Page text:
Chávez says election rival and Romney want to subjugate Venezuela
Venezuelan President Hugo Chavez compared his election rival to "far-right" US presidential hopeful Mitt Romney, saying both men wanted to subjugate the country under capitalism and crush his socialist "revolution."
South America's top oil exporter will hold its ballot on October 7, a month before the November 6 US election. Chávez is in full campaign mode, aiming for a new six-year term and saying he is fit and well after three cancer operations in the past year.
The two electoral races bumped against each other last week when President Barack Obama and his Republican rival, Romney, sparred over the risk posed by Chavez, and the Venezuelan leader sought to soften his radical image a touch by saying Obama was a "good guy."
Holding forth at a large rally in the western city of Maracaibo where he sang and pretended to play the guitar with a band, Chavez said opposition candidate Henrique Capriles resembled Romney, who hopes to replace Obama in the White House.
"What could better explain his program?" he asked. "Maybe it's the far-right candidate in North America, Romney. It's their plan. Their plan is to subjugate Venezuela again to the service of imperialism, of capitalism."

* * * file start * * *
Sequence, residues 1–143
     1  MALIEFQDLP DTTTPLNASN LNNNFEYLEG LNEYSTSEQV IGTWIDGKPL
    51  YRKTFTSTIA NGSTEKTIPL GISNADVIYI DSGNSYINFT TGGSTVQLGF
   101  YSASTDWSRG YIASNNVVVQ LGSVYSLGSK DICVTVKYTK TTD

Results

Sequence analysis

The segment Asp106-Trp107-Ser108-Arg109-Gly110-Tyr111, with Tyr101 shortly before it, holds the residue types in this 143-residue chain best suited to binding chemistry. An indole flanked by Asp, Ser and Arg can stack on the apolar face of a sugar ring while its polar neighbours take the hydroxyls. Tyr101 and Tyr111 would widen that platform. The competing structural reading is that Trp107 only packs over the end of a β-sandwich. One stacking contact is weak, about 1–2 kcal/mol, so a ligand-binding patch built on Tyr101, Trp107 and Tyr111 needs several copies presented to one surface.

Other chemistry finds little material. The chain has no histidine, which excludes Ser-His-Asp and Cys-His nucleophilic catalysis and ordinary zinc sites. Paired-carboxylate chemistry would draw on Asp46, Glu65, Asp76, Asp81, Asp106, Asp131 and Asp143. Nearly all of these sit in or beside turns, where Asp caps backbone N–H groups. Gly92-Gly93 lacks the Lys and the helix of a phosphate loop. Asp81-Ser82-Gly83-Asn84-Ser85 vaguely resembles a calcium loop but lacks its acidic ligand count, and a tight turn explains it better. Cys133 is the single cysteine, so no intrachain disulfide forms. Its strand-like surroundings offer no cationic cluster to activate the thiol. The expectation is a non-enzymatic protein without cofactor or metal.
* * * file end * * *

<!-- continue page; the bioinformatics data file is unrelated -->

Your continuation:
Chavez, 57, faces the toughest political challenge of his 14 years in power at October's election, and his fate has big consequences for many South and Central American nations that benefit from the former soldier's oil-fuelled largesse.
His illness has limited his on-the-street campaigning, but he has kept a double-digit lead in most polls, thanks largely to big welfare spending and the emotional connection that even fierce critics concede he shares with Venezuela's poor majority.
Since easily winning the opposition's primaries in February, Capriles, a 40-year-old state governor, has kept up a punishing schedule of "house-by-house" campaign visits across the country.
He says his offer to set up a Brazilian-style administration that would be market-friendly but remain committed to social spending is being well received nationwide, that the polls are unreliable and that his efforts will pay off on election day.